-Experiment with reading at a different time during the day, or try a different reading location.
-Ask the kids to plan or participate more. Perhaps even give each child a day to be completely in charge and decide ahead of time to be totally ok with whatever he or she prepares. Remember, it doesn’t have to look a certain way in order for you to be successful.
Suggestions for personal study:
-Shorten the reading and spend a little time journaling. I have found that when I journal testimony, parenting, and other life questions, I begin to find answers as I both read scriptures and write about what I have just read. Though I may not be getting through as many verses, this brings new life and meaning to my gospel study.
-Alternate reading with listening to or watching conference talks (or other church videos). The point is to feel the spirit, and that can come through various mediums. Changing the format can bring some fresh energy into your scripture study routine and can deepen your desire for it.
-Schedule some regular study sessions with a friend, sister, spouse, or child. Keep each other accountable or even set up a short 30-day challenge. This is a great way to make it fun and create some social interaction. Just because it’s “personal study” doesn’t mean you need to feel isolated.
We have recently discovered a strategy for our family’s Sunday Come, Follow Me lesson. We were struggling to get the family to come together after church for a lesson because everyone comes home hungry and tired. When we did manage to gather the family, the lessons were short, contrived, and not exactly full of the spirit. And then one Sunday after church one of my youngest daughters asked my husband to help her prepare a brunch for the family. Of course, everyone came rushing to the table for bacon and pancakes! While they were there, we slipped in a quick Come, Follow Me lesson…and we suddenly realized we’d discovered the secret. Now each child rotates a week to team up with a parent to make brunch and teach the Come, Follow Me lesson, and everyone always comes willingly.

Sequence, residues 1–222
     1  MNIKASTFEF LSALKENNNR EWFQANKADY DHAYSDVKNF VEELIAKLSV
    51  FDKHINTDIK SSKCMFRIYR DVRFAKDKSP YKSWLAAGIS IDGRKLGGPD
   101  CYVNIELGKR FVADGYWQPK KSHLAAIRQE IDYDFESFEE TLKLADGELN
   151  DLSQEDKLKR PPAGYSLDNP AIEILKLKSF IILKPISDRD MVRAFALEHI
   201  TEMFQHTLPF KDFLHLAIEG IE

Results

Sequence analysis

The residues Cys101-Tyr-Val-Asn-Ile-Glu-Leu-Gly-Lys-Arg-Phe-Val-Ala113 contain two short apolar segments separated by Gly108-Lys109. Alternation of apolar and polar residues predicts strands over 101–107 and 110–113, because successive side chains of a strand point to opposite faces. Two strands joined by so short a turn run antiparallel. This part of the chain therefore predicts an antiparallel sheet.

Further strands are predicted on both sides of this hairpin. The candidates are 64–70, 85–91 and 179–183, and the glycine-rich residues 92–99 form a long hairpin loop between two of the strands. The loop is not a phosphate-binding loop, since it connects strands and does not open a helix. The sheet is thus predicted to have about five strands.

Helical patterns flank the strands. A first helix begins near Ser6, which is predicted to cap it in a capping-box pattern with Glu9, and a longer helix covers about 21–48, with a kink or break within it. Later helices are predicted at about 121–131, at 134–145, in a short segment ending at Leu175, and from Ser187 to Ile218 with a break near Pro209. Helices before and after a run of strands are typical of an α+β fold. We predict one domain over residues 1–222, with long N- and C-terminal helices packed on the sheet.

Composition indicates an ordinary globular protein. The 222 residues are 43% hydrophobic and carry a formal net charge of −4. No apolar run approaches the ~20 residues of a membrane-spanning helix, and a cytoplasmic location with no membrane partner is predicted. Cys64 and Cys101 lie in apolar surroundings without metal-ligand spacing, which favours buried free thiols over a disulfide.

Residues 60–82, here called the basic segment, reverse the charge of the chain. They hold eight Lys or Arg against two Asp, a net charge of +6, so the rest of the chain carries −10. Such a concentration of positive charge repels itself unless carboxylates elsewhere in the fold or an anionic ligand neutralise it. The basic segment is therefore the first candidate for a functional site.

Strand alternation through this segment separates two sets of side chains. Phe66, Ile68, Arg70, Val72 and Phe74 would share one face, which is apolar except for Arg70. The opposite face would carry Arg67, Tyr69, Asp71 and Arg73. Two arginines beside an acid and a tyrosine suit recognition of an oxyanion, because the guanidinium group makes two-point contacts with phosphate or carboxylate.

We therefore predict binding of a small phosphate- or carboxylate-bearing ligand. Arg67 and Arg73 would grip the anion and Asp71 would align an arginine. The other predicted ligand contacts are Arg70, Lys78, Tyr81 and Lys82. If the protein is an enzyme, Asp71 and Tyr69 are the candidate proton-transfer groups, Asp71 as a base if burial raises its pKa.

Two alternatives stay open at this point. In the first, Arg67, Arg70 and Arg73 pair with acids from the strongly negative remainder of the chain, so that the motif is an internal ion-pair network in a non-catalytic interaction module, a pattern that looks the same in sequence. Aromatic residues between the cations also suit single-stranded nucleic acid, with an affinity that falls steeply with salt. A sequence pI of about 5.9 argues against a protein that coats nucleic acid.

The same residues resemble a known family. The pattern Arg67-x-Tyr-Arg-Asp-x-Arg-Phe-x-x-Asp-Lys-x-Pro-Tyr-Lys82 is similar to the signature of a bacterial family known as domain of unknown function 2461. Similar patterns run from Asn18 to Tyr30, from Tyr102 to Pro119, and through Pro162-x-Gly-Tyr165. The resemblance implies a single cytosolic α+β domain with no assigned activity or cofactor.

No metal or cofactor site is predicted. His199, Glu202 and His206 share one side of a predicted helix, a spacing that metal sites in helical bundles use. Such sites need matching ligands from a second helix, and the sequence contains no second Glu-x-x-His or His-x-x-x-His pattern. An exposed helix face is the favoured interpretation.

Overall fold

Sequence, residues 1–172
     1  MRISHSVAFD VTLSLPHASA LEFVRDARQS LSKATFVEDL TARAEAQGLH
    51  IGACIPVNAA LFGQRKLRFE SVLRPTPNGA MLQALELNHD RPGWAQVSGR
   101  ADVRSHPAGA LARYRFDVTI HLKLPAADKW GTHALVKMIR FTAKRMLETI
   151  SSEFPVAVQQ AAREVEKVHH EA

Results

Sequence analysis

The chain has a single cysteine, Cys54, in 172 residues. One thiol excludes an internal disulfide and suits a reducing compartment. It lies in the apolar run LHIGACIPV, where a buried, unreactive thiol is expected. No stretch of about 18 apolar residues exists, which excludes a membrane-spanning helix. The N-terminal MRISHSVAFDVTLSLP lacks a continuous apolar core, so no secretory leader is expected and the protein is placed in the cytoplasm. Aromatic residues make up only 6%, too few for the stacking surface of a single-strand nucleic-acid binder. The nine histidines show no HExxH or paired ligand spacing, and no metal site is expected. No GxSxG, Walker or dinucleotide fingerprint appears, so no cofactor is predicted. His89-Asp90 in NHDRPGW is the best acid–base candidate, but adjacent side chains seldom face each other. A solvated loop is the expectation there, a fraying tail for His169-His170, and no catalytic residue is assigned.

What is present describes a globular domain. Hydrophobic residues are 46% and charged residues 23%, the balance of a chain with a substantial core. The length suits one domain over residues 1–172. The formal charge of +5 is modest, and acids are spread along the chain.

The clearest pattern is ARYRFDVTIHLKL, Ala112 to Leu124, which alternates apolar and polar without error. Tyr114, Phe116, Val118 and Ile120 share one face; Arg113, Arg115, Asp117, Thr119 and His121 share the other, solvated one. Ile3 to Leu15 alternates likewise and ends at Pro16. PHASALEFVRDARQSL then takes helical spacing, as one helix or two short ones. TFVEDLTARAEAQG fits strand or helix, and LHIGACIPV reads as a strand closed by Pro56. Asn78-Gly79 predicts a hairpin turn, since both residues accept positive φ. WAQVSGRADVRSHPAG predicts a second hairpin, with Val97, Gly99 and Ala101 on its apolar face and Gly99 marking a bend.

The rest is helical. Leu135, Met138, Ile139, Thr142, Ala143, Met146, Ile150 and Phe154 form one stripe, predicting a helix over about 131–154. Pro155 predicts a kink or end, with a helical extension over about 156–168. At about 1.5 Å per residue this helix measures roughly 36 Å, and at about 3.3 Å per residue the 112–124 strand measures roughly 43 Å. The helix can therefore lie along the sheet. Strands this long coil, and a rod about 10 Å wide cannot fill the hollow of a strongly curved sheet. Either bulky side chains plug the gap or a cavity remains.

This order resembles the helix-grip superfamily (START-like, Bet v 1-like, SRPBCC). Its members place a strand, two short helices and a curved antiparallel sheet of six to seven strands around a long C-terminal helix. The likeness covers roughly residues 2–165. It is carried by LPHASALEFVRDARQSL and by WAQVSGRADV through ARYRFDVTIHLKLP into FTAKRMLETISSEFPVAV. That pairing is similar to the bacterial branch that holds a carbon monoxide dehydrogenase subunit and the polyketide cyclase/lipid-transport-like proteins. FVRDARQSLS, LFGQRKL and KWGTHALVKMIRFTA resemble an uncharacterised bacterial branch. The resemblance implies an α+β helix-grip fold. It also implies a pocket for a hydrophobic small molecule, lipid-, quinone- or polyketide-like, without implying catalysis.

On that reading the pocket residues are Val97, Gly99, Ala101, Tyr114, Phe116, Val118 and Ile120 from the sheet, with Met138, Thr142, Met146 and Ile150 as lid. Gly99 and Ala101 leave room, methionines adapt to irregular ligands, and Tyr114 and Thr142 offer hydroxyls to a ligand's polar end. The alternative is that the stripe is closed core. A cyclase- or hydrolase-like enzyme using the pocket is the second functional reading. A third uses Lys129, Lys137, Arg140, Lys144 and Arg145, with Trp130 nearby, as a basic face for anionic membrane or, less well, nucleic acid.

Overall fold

Just as it took Nephi several creative attempts to secure the brass plates from Laban, we will be blessed with success as we have faith that the Lord will “prepare a way [for us to] accomplish the thing he has commanded.” Troubleshooting doesn’t mean we have been doing it wrong, or that we will never figure it out. With a little patience, creativity, and faith, “there is always a way” to be successful with gospel study.
Jenny Layton helps women stop settling for a life they don’t love. As a professional organizer, productivity expert, and mindset coach, Jenny creates signature systems, routines, and vision to organize homes, families and businesses, freeing her clients from clutter so they can focus on what matters most. Jenny is a blogger, speaker, author, a regular guest on KUTV Fresh Living, a wife to a very supportive husband, and a relatively sane mother of 5, which she considers her highest achievement.